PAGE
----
As you know I love to travel and stay at new and exciting places whenever I get the chance. I’ve been researching and looking into the best romantic getaways for our upcoming anniversary, and I have to say – so many beautiful places to chose from! I have narrowed them down to my top 5 (which are now all on my bucket list) romantic getaway spots that you’ve probably never heard of!
The French Quarter Inn has true Southern hospitality. It’s just one of the reasons Travel + Leisure and Conde Nast Traveler consistently rank this historic Charleston inn among the country’s best hotels.
You can book their romantic escape package which includes
- Private carriage-ride
- Bottle of champagne
- $75 restaurant gift certificate
- Chocolate strawberries
- Rose petal turn down service
- Small flower bouquet
A bouquet of seasonal blooms kicks off a “Just the Two of Us” escape at the elegant French Quarter Inn, a dreamy interlude that includes dinner at one of Charleston’s most romantic restaurants, a private carriage-ride, rose petal turn down service, chocolate strawberries and bottle of champagne.
About 80 miles from Portland, Haystack Rock on Oregon’s stunning North Coast has been a beacon for generations. Before Highway 26 connected Portland to the coast, intrepid travelers would journey for seven hours to reach Cannon Beach – a trip that included the infamous Ecola Toll Road and its 111 hair-pin curves. Nestled between the ocean and the Coastal Mountain Range, Cannon Beach was magical, hard to reach, and a summer home to the many beach souls who sought relief from the noise of big city life. Today, people from all over the world come to Cannon Beach and the Stephanie Inn for the same reasons.
Cannon Beach hoteliers Jan and Steve Martin had long envisioned a beachfront Inn–a place both laid back and luxurious, where guests could escape, reflect in awe of the rolling sea and monolithic sea stacks, indulge in wellness, world-class dining, read, walk and wander. Named after their daughter, the iconic Stephanie Inn opened in 1993 and has become the definition of a luxe coastal retreat. The Inn is charming and small, yet offers a full range of services and special guest experiences, and the finest Pacific Northwest cuisine on the Oregon Coast.
The Wauwinet House first welcomed guests in 1875. The inn was named after the chief of the Indian tribe that inhabited the eastern section of the island. On June 17, 1876, The Inquirer & Mirror, reported that “The Wauwinet House was the scene of a pleasant time. A glorious sail up harbor.” 163 people attended a shore dinner serving clam chowder, boiled lobster and pastry. People kept calling out for more chowder!” Dinner was followed by quadrants, polkas and waltzes.
The steamship made regular daily trips to the inn along with the cat boat called the Lillian. Fare on the steamship was 50 cents round-trip and a shore dinner cost 75 cents. It wasn’t until 1882 when the new owner Asa Small purchased the inn for $1700 and decided to rent rooms. It was at that time that the laundry and new bathhouses were built, and the “best mattresses and springs added to the beds with neat muslin curtains and freshly painted furniture.”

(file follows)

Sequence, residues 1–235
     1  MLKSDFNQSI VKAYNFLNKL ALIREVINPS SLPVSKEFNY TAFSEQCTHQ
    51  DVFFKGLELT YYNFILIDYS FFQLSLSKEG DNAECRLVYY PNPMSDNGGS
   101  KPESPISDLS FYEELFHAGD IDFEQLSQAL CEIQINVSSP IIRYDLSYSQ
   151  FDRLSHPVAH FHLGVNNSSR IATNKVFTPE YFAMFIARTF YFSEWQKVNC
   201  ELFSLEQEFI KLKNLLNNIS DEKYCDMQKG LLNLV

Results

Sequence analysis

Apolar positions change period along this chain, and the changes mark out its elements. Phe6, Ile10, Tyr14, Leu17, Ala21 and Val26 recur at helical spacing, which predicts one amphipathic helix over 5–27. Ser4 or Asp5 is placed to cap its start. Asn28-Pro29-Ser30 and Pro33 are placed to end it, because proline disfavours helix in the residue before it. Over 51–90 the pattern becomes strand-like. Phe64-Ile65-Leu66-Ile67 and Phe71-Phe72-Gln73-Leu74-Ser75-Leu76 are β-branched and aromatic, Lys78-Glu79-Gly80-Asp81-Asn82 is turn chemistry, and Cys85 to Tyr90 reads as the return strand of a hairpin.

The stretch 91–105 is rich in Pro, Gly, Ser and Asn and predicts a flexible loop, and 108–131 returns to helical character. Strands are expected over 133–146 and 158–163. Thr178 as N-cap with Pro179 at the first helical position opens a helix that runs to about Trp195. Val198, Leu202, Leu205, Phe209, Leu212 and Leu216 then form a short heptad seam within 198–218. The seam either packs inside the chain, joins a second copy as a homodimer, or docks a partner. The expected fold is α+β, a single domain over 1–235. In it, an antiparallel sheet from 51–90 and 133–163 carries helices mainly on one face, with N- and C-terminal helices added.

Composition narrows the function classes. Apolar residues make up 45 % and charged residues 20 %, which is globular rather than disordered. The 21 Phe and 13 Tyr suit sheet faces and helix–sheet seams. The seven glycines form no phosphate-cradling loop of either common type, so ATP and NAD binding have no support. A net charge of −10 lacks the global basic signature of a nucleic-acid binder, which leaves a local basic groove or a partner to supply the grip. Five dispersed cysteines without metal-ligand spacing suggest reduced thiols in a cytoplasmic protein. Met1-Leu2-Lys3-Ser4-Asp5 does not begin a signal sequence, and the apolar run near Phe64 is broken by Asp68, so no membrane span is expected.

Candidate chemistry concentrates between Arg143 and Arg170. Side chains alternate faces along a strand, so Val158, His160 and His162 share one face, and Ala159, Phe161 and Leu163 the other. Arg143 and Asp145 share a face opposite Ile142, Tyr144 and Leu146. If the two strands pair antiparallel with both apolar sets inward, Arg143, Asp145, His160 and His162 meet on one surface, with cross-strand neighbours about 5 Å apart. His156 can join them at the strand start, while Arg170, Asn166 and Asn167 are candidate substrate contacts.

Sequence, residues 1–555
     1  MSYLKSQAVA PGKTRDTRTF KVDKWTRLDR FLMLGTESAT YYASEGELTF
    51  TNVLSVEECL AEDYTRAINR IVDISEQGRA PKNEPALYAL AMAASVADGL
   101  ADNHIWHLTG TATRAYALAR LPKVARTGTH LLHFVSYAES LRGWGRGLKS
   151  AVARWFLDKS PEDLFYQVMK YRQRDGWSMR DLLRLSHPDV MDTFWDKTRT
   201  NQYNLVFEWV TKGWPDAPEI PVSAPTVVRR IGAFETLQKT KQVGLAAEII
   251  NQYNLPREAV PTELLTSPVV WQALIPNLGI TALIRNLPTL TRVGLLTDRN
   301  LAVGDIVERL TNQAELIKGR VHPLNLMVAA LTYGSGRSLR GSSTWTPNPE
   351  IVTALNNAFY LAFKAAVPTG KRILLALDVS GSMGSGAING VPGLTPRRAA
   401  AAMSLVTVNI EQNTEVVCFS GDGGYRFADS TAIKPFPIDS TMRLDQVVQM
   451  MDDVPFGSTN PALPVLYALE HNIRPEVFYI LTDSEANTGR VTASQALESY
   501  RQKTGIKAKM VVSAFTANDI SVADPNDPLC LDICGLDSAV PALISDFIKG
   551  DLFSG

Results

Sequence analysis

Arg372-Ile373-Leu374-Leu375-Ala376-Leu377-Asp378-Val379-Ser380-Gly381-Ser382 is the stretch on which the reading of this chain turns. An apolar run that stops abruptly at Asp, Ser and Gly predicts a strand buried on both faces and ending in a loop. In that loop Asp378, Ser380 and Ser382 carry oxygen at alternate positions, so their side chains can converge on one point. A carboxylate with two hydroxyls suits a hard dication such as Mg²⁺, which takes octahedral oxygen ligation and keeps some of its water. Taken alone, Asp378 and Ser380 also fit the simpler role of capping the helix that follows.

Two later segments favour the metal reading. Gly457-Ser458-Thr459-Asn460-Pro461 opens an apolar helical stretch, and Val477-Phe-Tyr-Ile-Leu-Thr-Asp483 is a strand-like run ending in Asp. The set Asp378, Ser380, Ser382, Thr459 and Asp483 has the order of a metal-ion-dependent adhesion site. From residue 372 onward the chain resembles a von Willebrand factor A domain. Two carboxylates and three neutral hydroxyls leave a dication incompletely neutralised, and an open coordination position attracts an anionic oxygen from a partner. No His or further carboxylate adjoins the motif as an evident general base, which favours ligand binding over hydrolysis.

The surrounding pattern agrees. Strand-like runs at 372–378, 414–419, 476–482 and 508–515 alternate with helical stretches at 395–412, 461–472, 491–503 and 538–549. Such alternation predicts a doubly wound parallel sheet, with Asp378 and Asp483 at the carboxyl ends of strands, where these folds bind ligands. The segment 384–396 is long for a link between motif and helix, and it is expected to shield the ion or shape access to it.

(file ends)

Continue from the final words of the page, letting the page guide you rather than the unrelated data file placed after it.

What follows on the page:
The inn continued to flourish retaining its natural setting and charm. James A. Backus operated it from the mid-1890’s and became its owner soon after the turn of the century. During the 1900’s, the second floor was added along with the veranda to the front where people sat in rocking chairs to enjoy the comings and goings of the inn and the view.
In the early 1900’s, the Wauwinet Casino was built. The literal definition of the word “casino” is “a room or building for public resort or diversion.” The Wauwinet Casino served a menu of steaks, lobsters, clams, and fresh fish to the beat of a five-piece orchestra, making it the most popular restaurant on the island.
The 1930’s brought lazy summer days of sun, sea and sand with guests enjoying sailing, swimming, fishing, tennis, parties and picnics. Radios were a novelty, televisions unheard of and automobiles used only when necessary.The Backus family later sold the inn to the Robert B. Bowmans (of the Folger Hotel) in 1978. The Karp family bought the Wauwinet House in 1986. After an extensive renovation and redecorating, the inn was opened in June 1988 as The Wauwinet.
“Times and people change, but Wauwinet will always be a haven for those seeking sea, sand, and sun,” – Jane Lamb from her book Wauwinet, 1990
Ocean Lodge renders Florentine beauty uniquely set along the southern Georgia coastline. Old World elegance is exuded in venues throughout the hotel, including a spectacular ocean view rooftop terrace and lounge. Fifteen spacious and well-appointed ocean view guest rooms are so luxurious you’ll find it impossible not to relax. A full kitchen, separate bedroom area, and beautifully furnished sitting space all open into your own private veranda. An abundance of common space area allows our guests to find enchanting spots outside of their guest room to enjoy.
Practice the art of refined relaxation while discovering an esteemed piece of Newport history at The Chanler at Cliff Walk, housed in a 19th century mansion originally built by New York Congressman, John Winthrop Chanler. As one of Rhode Island’s historic homes, The Chanler is a beloved emblem of old world elegance.
Twenty elegantly furnished rooms comprise The Chanler’s unique accommodations, each designed around a particular historical period or decorative theme. Modern services and amenities such as complimentary Wi-Fi and our convenient house car transportation service ensure a stay that promises to be just as convenient as it is relaxing. Indulge in extraordinary meals at one of our celebrated restaurants as you relish ocean views and relax in an atmosphere of tranquil elegance.